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Britain heads for inconclusive election: poll

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  • Greg Cannon
    http://www.reuters.com/article/idUSTRE62811220100309?feedType=nl&feedName=ustopnewsevening Britain heads for inconclusive election: poll Caroline Copley LONDON
    Message 1 of 1 , Mar 9, 2010
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      http://www.reuters.com/article/idUSTRE62811220100309?feedType=nl&feedName=ustopnewsevening

      Britain heads for inconclusive election: poll
      Caroline Copley
      LONDON
      Tue Mar 9, 2010 8:07am EST

      LONDON (Reuters) - No political party has enough support to win outright control of parliament in Britain's forthcoming election, raising the prospect of a period of unstable minority government, opinion polls showed on Tuesday.

      The opposition Conservatives' poll lead has dwindled in the run up to an election expected on May 6, suggesting that the center-right party will struggle to get the votes it needs for a workable majority.

      Analysts say the ruling Labour party might even cling to power for an unprecedented fourth term, but a hung parliament -- where no party has more than half of the seats -- is looking the most likely scenario at present.

      Investors are concerned that political gridlock will hamper efforts to cut a record budget deficit and result in a downgrade to Britain's triple-A credit rating, which could drive up borrowing costs.

      Unlike much of continental Europe, Britain has no tradition of coalition governments. During two short periods of Labour minority rule in the 1970s, the government was dependent on case-by-case support from small parties to pass legislation.

      Uncertainty about the election and a deficit set to top 12 percent of gross domestic product this year pushed the pound to a 10-month low below $1.50 last week.

      A daily YouGov poll for the Sun newspaper put the opposition Conservatives five points ahead of the Labour government with 39 percent of the vote, a result which could leave Labour as the largest party in parliament but short of an overall majority.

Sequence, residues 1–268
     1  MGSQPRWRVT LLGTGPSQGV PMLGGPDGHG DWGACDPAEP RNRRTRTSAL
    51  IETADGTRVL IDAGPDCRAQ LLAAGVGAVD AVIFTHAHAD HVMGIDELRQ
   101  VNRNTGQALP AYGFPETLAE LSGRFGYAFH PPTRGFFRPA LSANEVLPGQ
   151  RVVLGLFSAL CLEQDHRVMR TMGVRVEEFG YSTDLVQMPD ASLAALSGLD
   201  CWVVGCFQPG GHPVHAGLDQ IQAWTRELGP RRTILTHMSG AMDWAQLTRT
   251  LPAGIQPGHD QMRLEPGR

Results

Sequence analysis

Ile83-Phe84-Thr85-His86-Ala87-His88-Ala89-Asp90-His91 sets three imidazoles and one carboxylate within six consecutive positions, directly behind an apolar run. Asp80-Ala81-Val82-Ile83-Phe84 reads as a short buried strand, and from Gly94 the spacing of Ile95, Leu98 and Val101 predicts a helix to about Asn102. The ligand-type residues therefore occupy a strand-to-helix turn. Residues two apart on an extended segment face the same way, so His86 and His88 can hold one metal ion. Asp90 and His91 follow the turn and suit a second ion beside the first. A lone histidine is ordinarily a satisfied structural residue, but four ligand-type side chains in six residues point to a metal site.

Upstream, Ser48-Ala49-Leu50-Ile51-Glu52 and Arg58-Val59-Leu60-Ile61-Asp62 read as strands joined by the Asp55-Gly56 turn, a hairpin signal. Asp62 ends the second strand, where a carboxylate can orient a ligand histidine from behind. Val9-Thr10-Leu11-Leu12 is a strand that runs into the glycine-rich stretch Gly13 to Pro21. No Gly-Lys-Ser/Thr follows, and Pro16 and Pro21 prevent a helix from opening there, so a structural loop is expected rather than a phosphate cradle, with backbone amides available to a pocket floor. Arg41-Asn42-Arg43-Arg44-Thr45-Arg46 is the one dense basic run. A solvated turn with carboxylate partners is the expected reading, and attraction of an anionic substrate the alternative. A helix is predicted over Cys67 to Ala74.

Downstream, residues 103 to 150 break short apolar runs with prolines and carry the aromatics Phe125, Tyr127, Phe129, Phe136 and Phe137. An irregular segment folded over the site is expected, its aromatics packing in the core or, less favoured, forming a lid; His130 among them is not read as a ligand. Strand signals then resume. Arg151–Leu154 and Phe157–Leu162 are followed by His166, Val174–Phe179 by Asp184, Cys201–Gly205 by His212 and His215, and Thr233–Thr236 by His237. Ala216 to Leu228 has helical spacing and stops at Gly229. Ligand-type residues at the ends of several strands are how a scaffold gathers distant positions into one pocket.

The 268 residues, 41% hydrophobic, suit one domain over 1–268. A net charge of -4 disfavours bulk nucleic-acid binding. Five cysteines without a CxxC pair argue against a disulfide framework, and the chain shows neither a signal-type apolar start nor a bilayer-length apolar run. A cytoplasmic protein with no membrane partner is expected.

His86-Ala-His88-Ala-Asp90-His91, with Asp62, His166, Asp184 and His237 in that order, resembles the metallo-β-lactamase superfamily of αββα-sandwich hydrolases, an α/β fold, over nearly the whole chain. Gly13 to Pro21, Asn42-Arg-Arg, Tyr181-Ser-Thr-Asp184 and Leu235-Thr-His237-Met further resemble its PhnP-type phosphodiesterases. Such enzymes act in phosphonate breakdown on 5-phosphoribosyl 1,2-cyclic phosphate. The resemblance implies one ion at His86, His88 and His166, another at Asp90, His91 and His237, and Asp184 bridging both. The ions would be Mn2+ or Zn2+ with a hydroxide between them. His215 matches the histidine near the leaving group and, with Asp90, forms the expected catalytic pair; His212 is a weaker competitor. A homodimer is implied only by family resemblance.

Under Britain's electoral system, the Conservatives need a lead of around 10 percentage points in opinion polls to overcome Labour's current majority.

      A separate poll for the Times newspaper showed the gap between the two main parties in key marginal seats has closed.

      If replicated in the parliamentary election the Conservatives would gain 97 Labour-held seats, the Times said, leaving the Conservative party short of an overall majority.

      The Populus poll looked at the 50th to the 150th closest marginal seats, in which the Conservatives came second at the last election, and found that both parties had about 38 percent of the vote.

      The Times survey excluded the 50 Labour-held marginals considered most likely to swing to the Conservatives.

      The poll of 1,500 voters between March 5 and 7 also showed voters increasingly expect no party to win an outright majority.

      A separate poll for the Daily Express, carried out by Opinium between March 5 and 8, showed the Conservatives with 37 percent of the vote, while Labour were up one point with 30 percent and the Liberal Democrats with 16 percent.

      (Writing by Matt Falloon; Editing by Tim Pearce and Paul Taylor)
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